Ginger Baker has died. The british drummer, best known for his time with the power trio Cream, was 80.
Baker’s family said on Twitter that he died Sunday: “We are very sad to say that Ginger has passed away peacefully in hospital this morning.”
Baker wielded his blues power and jazz technique to help break open popular music and become one of the world’s most admired and feared musicians.
With his blazing eyes, orange-red hair and fiery temperament, Baker ranked with Keith Moon of The Who as the embodiment of musical fury and uncontrollable personality.
Baker and his many admirers saw him as a rounded, sophisticated musician — an arranger, composer and student of the craft, absorbing sounds from around the world. He had been playing jazz since he was a teenager and spent years in Africa in the 1970s, forming a close friendship with the Nigerian musician-activist Fela Kuti.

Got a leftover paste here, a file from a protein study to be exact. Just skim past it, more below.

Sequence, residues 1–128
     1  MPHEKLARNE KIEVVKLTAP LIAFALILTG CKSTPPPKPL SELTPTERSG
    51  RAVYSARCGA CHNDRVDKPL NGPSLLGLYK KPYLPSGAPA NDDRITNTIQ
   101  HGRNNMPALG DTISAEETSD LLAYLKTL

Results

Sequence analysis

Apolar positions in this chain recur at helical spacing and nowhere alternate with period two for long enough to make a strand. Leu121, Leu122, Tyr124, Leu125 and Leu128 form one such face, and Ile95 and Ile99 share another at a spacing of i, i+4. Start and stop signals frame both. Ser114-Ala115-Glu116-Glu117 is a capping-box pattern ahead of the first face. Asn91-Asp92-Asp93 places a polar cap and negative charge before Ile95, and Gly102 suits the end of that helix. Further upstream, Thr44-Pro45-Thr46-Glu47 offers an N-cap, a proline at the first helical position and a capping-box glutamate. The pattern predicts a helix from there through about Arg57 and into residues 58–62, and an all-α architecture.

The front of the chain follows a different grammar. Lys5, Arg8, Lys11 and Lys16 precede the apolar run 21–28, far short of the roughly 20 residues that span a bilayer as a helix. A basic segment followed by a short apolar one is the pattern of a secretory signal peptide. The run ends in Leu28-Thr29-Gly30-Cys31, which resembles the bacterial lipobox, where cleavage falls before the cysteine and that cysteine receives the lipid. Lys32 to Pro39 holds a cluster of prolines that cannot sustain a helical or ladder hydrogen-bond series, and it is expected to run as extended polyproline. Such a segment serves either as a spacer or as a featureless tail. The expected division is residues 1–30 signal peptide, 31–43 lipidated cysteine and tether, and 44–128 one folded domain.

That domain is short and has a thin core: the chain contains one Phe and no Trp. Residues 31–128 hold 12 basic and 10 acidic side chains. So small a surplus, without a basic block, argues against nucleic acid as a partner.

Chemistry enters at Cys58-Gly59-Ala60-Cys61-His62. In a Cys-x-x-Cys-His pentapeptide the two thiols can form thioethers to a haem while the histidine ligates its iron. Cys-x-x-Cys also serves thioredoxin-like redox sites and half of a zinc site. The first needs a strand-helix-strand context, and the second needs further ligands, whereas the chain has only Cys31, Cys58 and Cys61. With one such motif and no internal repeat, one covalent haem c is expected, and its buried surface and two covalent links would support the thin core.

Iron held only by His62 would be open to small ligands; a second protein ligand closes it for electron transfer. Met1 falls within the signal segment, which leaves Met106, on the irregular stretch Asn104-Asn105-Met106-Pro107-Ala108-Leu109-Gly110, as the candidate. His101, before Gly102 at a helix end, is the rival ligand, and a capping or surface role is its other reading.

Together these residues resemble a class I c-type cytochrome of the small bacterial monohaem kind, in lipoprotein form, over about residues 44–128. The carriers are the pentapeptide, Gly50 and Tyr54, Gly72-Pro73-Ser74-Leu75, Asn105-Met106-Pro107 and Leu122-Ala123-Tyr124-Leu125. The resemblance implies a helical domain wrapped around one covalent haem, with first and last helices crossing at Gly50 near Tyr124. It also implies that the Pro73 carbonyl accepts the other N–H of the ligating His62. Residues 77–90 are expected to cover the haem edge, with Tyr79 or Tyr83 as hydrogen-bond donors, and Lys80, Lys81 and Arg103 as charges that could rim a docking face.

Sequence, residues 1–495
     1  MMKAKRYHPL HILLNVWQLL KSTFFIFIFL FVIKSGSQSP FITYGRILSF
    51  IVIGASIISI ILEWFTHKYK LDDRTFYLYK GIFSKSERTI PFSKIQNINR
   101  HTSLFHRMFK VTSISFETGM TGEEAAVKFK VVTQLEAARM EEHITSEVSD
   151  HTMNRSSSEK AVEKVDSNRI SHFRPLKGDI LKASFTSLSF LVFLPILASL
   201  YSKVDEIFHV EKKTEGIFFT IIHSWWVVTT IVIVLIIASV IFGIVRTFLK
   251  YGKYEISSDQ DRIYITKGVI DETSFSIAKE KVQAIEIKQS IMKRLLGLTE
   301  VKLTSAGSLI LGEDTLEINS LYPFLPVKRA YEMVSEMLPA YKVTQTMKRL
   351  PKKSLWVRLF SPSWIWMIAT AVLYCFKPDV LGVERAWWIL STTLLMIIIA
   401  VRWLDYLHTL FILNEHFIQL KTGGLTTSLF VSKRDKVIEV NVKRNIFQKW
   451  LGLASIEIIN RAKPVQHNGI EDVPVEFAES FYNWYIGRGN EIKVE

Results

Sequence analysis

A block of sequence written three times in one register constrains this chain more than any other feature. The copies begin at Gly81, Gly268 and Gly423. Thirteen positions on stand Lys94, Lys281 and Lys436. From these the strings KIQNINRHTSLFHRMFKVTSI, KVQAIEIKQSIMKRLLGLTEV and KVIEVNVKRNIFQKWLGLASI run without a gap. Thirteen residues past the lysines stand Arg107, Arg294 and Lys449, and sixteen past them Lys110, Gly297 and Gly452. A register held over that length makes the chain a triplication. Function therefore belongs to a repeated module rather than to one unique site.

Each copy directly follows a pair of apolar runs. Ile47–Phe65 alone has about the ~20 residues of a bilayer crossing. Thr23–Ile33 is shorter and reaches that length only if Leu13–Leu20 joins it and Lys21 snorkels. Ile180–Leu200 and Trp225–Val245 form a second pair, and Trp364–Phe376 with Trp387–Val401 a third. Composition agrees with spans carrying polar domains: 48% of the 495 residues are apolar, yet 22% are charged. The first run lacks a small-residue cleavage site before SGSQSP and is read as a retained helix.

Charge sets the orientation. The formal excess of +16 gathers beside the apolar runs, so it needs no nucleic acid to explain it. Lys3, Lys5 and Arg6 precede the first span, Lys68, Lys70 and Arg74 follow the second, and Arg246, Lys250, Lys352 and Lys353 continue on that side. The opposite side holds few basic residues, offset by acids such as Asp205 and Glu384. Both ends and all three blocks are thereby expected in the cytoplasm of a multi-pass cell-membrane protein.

“He was so unique and had such a distinctive personality,” Stewart Copeland of the Police told http://www.musicradar.com in 2013. “Nobody else followed in his footsteps. Everybody tried to be John Bonham and copy his licks, but it’s rare that you hear anybody doing the Ginger Baker thing.”
But many fans thought of Baker as a rock star, who teamed with Eric Clapton and Bruce in the mid-1960s to become Cream — one of the first supergroups and first power trios. During its 2 1 /2-year run, Cream sold millions of records and released a run of bluesy, jazzy and psychedelic hits including “White Room,” “Sunshine of Your Love” and “Tales of Brave Ulysses” in addition to rock-driven versions of blues standards such as “Crossroads” and “Spoonful.”